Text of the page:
Windows Azure… One Year After

We have been using Windows Azure for almost a year, hosting our portal (, and the results have been quite good in general. Compared to the rest of PaaS offerings in the market, this is a great solution if your expertise is around the Microsoft stack – specially .NET and SQL Server.

For v2 we are planning to leverage more of the Azure platform, specially the Azure Storage. We will be servicing Hotel images directly from here. This could enhance the already good response times we have right now. Activating the CDN for this would bring some additional benefits as well.

The other good experience (should I say, the most important for us?? 😉 ) have been around the costs. After some changes, like moving out the Content Admin application from Azure to my regular Hosting provider, we are now paying an average of  60 USD per month. Not bad for a reliable and fast platform like this with access to data in SQL Server.

However, Azure is a new platform, and although it provides a good set of basic services, the portal still lacks of some important services, some available in some other PaaS offers (like AWS), such as:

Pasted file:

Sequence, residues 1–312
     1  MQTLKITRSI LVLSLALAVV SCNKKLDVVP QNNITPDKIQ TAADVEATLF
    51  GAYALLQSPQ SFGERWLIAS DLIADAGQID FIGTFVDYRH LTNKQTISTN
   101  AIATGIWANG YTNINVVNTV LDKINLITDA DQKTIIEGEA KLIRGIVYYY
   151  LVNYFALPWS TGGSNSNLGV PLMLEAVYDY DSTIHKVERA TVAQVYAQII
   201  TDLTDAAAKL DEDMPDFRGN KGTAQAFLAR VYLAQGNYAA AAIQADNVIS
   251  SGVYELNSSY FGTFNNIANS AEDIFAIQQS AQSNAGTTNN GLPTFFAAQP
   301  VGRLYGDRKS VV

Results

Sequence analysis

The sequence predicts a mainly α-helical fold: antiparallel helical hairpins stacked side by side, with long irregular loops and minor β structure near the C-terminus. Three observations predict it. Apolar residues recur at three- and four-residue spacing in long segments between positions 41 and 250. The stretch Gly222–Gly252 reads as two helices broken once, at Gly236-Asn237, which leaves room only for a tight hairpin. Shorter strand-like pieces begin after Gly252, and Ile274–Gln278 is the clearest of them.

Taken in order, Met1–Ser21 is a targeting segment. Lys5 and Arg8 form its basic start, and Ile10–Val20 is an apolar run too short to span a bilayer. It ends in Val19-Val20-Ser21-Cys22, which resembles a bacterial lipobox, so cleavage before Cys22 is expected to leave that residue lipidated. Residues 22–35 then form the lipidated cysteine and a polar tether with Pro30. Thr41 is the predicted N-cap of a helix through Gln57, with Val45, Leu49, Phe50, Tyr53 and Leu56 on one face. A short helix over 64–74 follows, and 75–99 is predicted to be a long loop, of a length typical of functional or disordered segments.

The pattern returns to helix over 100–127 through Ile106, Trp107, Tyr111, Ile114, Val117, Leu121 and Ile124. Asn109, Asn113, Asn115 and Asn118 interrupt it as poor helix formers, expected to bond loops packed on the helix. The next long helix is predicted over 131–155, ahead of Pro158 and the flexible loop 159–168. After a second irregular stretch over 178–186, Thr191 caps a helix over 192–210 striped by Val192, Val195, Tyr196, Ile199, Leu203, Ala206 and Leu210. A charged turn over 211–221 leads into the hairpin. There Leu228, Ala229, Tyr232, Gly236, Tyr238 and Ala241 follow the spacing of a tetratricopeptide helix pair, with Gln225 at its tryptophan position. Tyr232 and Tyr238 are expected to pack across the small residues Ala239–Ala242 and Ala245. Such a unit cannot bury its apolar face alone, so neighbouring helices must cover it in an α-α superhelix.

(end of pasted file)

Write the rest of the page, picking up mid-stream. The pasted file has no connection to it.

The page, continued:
• It stills lacks an out-of-the-box UI in the Azure portal that enable Admins to monitor the load of the instances (in term of CPU, RAM, Disk Access, etc) – pretty much the functionality offered by really good tools like Azure Diagnostic Manager by Cerebrata. Why is this important? Well, because either you or the platform need to make decisions base on the load.  Should we allocate another instance to accommodate an increase in traffic?  — this is the base of the elasticity paradigm.  The Azure portal should bring some support to define such rules. The capability to define the number of instances per day of the week (i.e. what if the solution expects more traffic during the weekend..)
  • In addition, there is a lack of traffic statistics reporting in the Azure Portal. We are currently handling this through Google Analytics – but it would be great to have this integrated in the Azure portal.
  • It would be valuable to have access to some “Event Log” window from the Azure Portal with diagnostic information. Sometimes your application has problem and does not start but you cannot get the error info – it is like flying blind.

The good thing is that Azure is really strategic for Microsoft, and I expect to see this functionality shortly as part of the service.

One thought on “Windows Azure… One Year After

  1. Hi Jose, nice post, and thanks for using Windows Azure! 🙂

    As you noted, there are indeed lots of room for improvement on the management side of things for Azure. As it is an evolving platform, I assure you will see many new features being released frequently (major releases are scheduled per quarter with cloud services), and you will see some of the items you identified showing up soon.

    For traffic statistics and event log type of services, take a look at Windows Azure Diagnostics; it has the base framework for capturing information via the Windows Server logging subsystem and you could use them for the needs you identified.

    Just my thoughts. Best! -David (Microsoft)

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